Daily Briefing

Ten Things You Need to Know Today: Monday 6 Apr 2020

1

Boris Johnson admitted to hospital with coronavirus

Boris Johnson was admitted to an unnamed London hospital last night as he continues to experience “persistent” symptoms of coronavirus ten days after testing positive for the infection, a Downing Street spokesperson has announced. The move “is a precautionary step” that was “taken on the advice of his doctor”, said the spokesperson. The prime minister’s pregnant partner, Carrie Symonds, revealed on Saturday that she had also shown Covid-19 symptoms but was recovering.

2

Keir Starmer begins shadow cabinet overhaul

Keir Starmer began assembling his cabinet yesterday, after being named on Saturday as the winner of the Labour Party leadership ballot. Starmer has appointed leadership candidate Lisa Nandy as shadow foreign secretary, with former Oxford don Nick Thomas-Symonds as shadow home secretary, and Anneliese Dodds replacing John McDonnell as shadow chancellor. Newly elected Labour deputy leader Angela Rayner has been named as party chair.

3

Scotland’s chief medical officer resigns over second home row

Scotland’s chief medical officer has quit after facing mounting criticism for breaching UK lockdown rules by twice travelling from her primary home in Edinburgh to a second residence more than an hour away. Announcing her resignation on Sunday, Catherine Calderwood said: “People across Scotland… must have complete trust in those who give them advice.” Calderwood had issued an apology hours earlier after being photographed with her husband and three children near their coastal retreat in Earlsferry, Fife - and admitted it was their second visit during the lockdown.

4

Queen urges Britons to stay strong during pandemic

The Queen last night applauded the work of health professionals and other essential workers battling the coronavirus pandemic, in only the fifth special televised address of her reign other than Christmas speeches. “We should take comfort that, while we may have more still to endure, better days will return - we will be with our friends again, we will be with our families again, we will meet again,” the Queen said, in an apparent reference to Vera Lynn’s wartime anthem We’ll Meet Again.

5

Irish PM re-registers as doctor to work on virus front line

Irish premier Leo Varadkar is to work as a doctor one day a week to help combat his country’s coronavirus outbreak, after rejoining the medical register in March, his office has announced. Varadkar - who worked as a doctor for seven years before leaving the profession for full-time politics - is reportedly doing phone assessments for Ireland’s Health Service Executive, in keeping with the protocol that anyone exposed to the virus is initially evaluated remotely.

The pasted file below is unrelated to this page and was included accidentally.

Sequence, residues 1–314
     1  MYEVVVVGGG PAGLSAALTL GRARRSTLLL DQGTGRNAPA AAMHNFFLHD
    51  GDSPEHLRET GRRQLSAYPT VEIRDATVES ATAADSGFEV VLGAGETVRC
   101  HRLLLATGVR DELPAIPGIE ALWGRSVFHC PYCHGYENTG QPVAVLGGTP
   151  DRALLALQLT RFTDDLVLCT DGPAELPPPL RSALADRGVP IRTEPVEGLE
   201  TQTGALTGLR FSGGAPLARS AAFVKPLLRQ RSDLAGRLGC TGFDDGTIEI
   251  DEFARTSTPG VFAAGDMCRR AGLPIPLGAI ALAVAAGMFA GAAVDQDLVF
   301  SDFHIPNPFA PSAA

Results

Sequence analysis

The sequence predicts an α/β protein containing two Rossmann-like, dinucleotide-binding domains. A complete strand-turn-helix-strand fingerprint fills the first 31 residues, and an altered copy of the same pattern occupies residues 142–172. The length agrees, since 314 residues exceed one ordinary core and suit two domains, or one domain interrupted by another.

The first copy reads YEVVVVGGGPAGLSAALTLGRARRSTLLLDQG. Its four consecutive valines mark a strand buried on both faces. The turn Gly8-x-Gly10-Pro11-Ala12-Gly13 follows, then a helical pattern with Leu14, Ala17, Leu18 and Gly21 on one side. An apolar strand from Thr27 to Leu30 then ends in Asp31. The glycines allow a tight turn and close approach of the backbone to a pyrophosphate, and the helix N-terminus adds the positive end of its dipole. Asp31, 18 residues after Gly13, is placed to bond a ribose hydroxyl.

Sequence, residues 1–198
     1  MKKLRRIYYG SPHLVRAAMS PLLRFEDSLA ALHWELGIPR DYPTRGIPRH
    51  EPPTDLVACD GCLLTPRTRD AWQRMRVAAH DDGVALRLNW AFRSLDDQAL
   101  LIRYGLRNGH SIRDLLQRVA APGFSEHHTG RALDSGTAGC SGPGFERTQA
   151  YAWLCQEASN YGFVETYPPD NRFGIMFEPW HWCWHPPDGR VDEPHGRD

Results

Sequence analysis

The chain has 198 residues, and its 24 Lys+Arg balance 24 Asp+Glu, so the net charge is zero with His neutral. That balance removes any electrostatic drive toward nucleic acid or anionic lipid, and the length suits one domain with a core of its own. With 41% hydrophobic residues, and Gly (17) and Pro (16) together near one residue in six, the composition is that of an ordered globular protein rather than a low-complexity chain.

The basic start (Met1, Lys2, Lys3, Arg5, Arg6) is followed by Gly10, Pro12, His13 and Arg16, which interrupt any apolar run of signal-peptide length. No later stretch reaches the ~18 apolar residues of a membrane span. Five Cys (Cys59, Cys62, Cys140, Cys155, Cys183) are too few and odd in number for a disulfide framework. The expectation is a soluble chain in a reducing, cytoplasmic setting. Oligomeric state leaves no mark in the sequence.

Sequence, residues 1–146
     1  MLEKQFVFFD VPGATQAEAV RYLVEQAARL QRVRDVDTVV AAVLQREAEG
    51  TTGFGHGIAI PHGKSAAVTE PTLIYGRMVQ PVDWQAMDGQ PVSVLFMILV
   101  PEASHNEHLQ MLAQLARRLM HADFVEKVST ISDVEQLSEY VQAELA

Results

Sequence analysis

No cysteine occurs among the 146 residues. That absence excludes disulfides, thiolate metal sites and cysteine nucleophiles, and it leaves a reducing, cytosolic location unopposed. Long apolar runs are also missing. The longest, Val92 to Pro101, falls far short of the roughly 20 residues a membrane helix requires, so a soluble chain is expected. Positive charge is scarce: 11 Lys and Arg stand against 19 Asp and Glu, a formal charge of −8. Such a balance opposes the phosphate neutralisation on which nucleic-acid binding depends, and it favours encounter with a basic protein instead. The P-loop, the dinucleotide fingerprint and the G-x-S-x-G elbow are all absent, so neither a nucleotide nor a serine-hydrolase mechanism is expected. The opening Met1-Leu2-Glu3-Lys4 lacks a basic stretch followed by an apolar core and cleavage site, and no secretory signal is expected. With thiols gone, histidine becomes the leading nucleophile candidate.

6

Trump urges Covid-19 patients to take unproven drug

Donald Trump used his daily press conferences on Saturday and Sunday to promote a common anti-malaria drug hydroxychloroquine as a treatment for the new coronavirus - despite health experts warning that more study is needed into the effectiveness of using the medication as a means to combat the pandemic. The US president insists that “there are some very strong, powerful signs” of the potential of the drug, which is “being tested now”. Trump revealed that the US has stockpiled 29 million hydroxychloroquine pills.

7

Covid-19 kills two British grandees

Lord Bath, the 7th Marquess of Bath, has died at the age of 87 after contracting the Covid-19 coronavirus. According to a statement on the Twitter account of Longleat House, his home and safari park, the aristocrat died on Saturday after being admitted to the Royal United hospital in Bath on 28 March. The virus has also claimed the life of Sir John Laws, a retired senior judge and uncle of No. 10 adviser Dominic Cummings. Laws, 74, died at Chelsea and Westminster hospital in London on Sunday, after being admitted three weeks ago.

8

France knife attack deemed terrorism

A third person has been detained in an anti-terrorism investigation over a knife attack on a small town in France on Saturday that left two people dead and several injured, authorities said Sunday. The victims were attacked while shopping for food in Romans-sur-Isere, south of Lyon, as is permitted daily during France’s coronavirus lockdown. The assailant was arrested minutes later, as he kneeled on the pavement praying in Arabic. Two other suspects have since been arrested, and all are Sudanese, the country’s anti-terror prosecutor’s office said. 

9

Tiger in New York zoo tests positive for coronavirus

A tiger at New York City’s Bronx Zoo has tested positive for the new coronavirus, becoming the first of her species known to have been infected. Nadia, a four-year-old female Malayan tiger, has developed a dry cough but is expected to recover. “It is not known how this disease will develop in big cats since different species can react differently to novel infections, but we will continue to monitor them closely and anticipate full recoveries,” the zoo said.

10

Europe’s Wuhan: inside Germany’s groundbreaking coronavirus experiment

Germany’s worst-hit district will be used as a real-life laboratory to study the spread of coronavirus.

A team of virologists and researchers have turned Heinsberg, a town in western Germany that borders the Netherlands, into a “Covid-19 case cluster study”.

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